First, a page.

En Español Know Your Rights
Source: The New York Times
Subject: Housing & Environmental Justice
Type: Media Coverage

Banks Press Landlords on Repairs

A coalition of housing advocacy groups and two
large banks that hold mortgages on hundreds of apartment buildings in New York
City
announced an unusual agreement yesterday under which they will use the
banks’ leverage as lenders to pressure landlords into repairing dilapidated
buildings.

The agreement between the coalition, Housing Here and Now (Make the Road by Walking is a coalition
member)
, and the banks, Citigroup and New York Community
Bank, represents a new weapon against landlords reluctant to make repairs.
Housing advocates hope to use this tool not simply to fix leaks and crumbling
plaster, but also to shore up low-income neighborhoods and make them less
vulnerable to gentrification.

The loan portfolios of New York Community Bank and
Citigroup together include more than 900 buildings and 66,000 units, according
to Housing Here and Now. New York Community Bank, which holds the loans on a
majority of those buildings, describes itself as the largest producer of
multifamily loans in New York City and operates a network of branches including
Queens County Savings Bank and Roslyn Savings Bank.

Under the agreement, a bank that receives an
application for a mortgage on an apartment building must first evaluate the
owner’s and the building’s track record. Using the records of the city’s
Department of Housing Preservation and Development and those of Housing Here
and Now, the bank will consider past housing code violations, emergency repair
liens and litigation.

The bank would then require that run-down conditions
and violations be fixed before closing on the sale. New York Community Bank
agreed to hold repair money in escrow for release when repairs are done. The
banks are also to inspect buildings annually; those considered severely
distressed are to be given a repair plan and timetable for completion.

While in theory a bank has the power to foreclose
on a building whose owner has repeatedly failed to make repairs, bank officials
said such a step is unusual. Under the new agreement, banks are more likely to use
the threat of withholding a loan, rather than the threat of foreclosure, to
pressure landlords into properly maintaining their properties.

Representatives of about 18 other banks doing
business in the city met on Wednesday with Citigroup and New York Community
Bank officials, as well as city and state housing and banking officials, to
discuss the agreement.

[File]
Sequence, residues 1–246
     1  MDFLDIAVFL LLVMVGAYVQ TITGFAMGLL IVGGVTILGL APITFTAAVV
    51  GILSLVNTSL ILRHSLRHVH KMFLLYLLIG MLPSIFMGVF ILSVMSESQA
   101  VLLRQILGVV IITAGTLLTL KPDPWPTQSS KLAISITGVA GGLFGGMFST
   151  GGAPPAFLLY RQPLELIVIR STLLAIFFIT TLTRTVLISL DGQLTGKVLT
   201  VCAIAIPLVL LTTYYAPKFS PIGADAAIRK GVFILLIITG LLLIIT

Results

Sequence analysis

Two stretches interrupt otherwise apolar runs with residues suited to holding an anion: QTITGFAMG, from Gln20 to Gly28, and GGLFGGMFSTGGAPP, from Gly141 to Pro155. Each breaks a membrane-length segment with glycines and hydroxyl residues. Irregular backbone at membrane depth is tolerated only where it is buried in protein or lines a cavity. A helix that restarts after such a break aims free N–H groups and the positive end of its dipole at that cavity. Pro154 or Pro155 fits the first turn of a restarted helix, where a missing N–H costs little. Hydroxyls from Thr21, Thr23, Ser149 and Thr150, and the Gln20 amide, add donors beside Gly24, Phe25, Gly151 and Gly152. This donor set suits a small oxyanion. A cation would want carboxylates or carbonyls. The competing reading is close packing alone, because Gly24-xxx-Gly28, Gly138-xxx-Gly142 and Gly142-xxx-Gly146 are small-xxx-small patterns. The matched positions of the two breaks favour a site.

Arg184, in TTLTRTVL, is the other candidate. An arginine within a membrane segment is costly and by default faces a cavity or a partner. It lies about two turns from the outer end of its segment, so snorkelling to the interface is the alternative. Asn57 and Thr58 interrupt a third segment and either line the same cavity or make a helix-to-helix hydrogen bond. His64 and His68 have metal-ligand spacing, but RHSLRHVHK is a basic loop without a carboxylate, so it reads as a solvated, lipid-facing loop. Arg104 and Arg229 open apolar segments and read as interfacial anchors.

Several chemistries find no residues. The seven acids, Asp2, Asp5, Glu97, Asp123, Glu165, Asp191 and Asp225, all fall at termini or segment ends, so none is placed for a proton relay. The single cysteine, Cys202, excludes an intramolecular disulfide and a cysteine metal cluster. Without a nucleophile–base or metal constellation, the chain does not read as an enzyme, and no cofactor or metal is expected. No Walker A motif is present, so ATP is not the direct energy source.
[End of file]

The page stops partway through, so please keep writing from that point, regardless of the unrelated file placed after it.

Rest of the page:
Diana L. Taylor, the state superintendent of
banks, has written to banks throughout New York encouraging them to adopt
similar practices voluntarily.

"This is a big deal," Alan G. Hevesi, the New York
State comptroller, said at a news conference yesterday organized by Housing
Here and Now to announce the agreement. "This is serious and historic.
It’s an agreement that brings the banks in as partners in maximizing the
potential for landlords to clean up buildings."

Mr. Hevesi added, "This is serious mostly for
tens of thousands of tenants in the city who have not been able to get
landlords to respond to the problems that they live with every single
day."

In a hot real estate market like New York’s, with
the price of land rising, housing advocates say some landlords feel little
pressure to maintain their buildings.

If tenants leave, the owner is free to sell.
"If you’re a landlord, you don’t need to preserve your collateral,"
said Jonathan Rosen, a spokesman for Housing Here and Now. "You just flip it
on the land prices alone."

The agreement is the product of a campaign that
began last summer, when Housing Here and Now released a list of what it
described as the city’s 10 worst landlords. When some of the owners continued
to fail to make repairs, even after the city had cracked down, the coalition
turned its attention to the banks that had financed the purchase of the
buildings.

In January, the group reported that its own
analysis of city housing code violations turned up problems in more than 600 multifamily
buildings on which New York Community Bank held the mortgage. The group vowed
to block the bank’s planned acquisition of another bank, Atlantic Bank of New
York, which was under federal review at the time, until it required its clients
to repair their buildings.

The coalition accused New York Community Bank of
failing to meet its obligations under the Community Reinvestment Act, which
requires that banks meet the credit needs of their communities — including,
advocates say, by doing business in a way that strengthens community ties. A
bank’s compliance with the act can be reviewed when the bank is planning an
acquisition.

The coalition enlisted the help of Christine C.
Quinn, the City Council speaker, who wrote a letter to the bank’s president in February
saying she was considering asking the state’s Banking Department to hold public
hearings and delay the merger "until the issue of poor building conditions
is satisfactorily resolved."

Julie Miles, the director of Housing Here and Now,
said yesterday, "We’ve withdrawn our objection to the merger."